After John and Robin moved back to California and settled in San Diego with their family - Chad and his older sister Evan - they weren't able to skydive as much as they used to.
"We did it for a good long time, but of course, high-speed sports are not something that you think of as an occasional hobby," said Robin, who also got her gliders' "It's important for safety reasons to stay current. As time grew, and we had the kids, we typically didn't jump together just because one of us was on the ground with them. And then we just got so active with their activities and found so much joy in helping them along their path that we just kind of tapered that off."
And while Chad said he doesn't necessarily feel like he inherited his parents' daredevil streak, he appreciates that they raised him to be open to different experiences and comfortable saying yes to anything.
"There was never any hesitation to take us to try something new," he said. "We never pushed the limits in a dangerous way, like we were always smart and safe."
John and Robin believe that kids don't belong in the house, which was evidenced by the activities they did. The kids went skiing, snowboarding, surfing, hiking and rode dirt bikes and mountain bikes.
But living in San Diego, they certainly never envisioned that Chad's career path would ultimately be in hockey. But they lived a mile away from the local ice rink, and it was a nice respite from the warm weather, especially in the summer.
"One Christmas, Robin - who is a twinkle toes on skis, ice skates, etcetera - goes, we're going to the ice rink," John said. "Now, I was raised in the desert, so we're talking a foreign language there. And she took us over, and she held the three of us up (laughs)."
Robin's goal was for the kids to be competent and capable on ice skates, and then they could decide on their own if they wanted to stick with it. They ended up absolutely loving it.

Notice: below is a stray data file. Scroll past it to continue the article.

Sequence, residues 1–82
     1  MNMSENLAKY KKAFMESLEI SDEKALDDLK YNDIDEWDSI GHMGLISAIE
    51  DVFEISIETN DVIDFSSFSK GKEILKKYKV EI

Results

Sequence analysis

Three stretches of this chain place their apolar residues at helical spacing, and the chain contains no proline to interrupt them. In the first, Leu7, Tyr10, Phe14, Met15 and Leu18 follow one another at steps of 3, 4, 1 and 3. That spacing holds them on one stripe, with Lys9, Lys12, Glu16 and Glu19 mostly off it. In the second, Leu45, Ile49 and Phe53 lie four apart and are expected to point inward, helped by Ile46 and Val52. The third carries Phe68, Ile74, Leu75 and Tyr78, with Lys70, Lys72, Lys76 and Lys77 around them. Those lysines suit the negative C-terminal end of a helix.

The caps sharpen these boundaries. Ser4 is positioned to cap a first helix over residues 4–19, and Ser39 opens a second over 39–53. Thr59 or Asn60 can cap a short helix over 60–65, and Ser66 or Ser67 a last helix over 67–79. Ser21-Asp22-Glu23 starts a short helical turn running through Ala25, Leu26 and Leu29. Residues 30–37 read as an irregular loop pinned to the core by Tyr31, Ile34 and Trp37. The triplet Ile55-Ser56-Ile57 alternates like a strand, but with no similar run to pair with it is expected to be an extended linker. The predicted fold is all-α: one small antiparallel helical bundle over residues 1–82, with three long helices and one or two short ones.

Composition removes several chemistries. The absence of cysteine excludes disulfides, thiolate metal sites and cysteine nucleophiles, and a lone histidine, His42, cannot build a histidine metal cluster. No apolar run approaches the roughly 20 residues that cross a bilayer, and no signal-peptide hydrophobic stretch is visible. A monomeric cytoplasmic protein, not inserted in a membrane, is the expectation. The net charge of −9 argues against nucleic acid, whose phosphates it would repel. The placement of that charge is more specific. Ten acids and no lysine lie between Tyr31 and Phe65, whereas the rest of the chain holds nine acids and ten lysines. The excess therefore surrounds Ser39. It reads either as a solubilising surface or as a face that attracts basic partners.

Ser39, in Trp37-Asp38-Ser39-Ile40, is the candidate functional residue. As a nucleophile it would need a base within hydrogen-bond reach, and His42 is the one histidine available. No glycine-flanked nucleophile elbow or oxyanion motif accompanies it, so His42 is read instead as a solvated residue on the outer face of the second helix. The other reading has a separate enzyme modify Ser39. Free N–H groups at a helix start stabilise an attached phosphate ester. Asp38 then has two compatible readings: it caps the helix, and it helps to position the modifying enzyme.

When the family started going to public skates, 4-year-old Chad would see hockey players in their helmets and jerseys, and told Robin that's what he wanted to do. He turned out to have a natural ability right away, and Robin's skydiving camera equipment would have come in handy.
"If I could have just captured Chad's faces," she said with a laugh.
From there, Robin said they were fortunate to have coaches who kept the families grounded and tell the parents to just let their kid play and just let them have fun.
"And so it's really actually kind of interesting after Chad did sign as a pro, there were all these people that started coming out and finding me through LinkedIn. They said, how did you do it? What did you do?" Robin said. "And I said, I don't think I'm the person you want to talk to you. Because I'm just going to tell you to let your kid play. They will go their own way. It was Chad's choice."
To see him thriving like he is now, both professionally and personally - a 2017 Stanley Cup Champion who plays an important role for the Penguins as a dependable depth defenseman, as well as a husband and new father - makes Robin emotional even talking about it.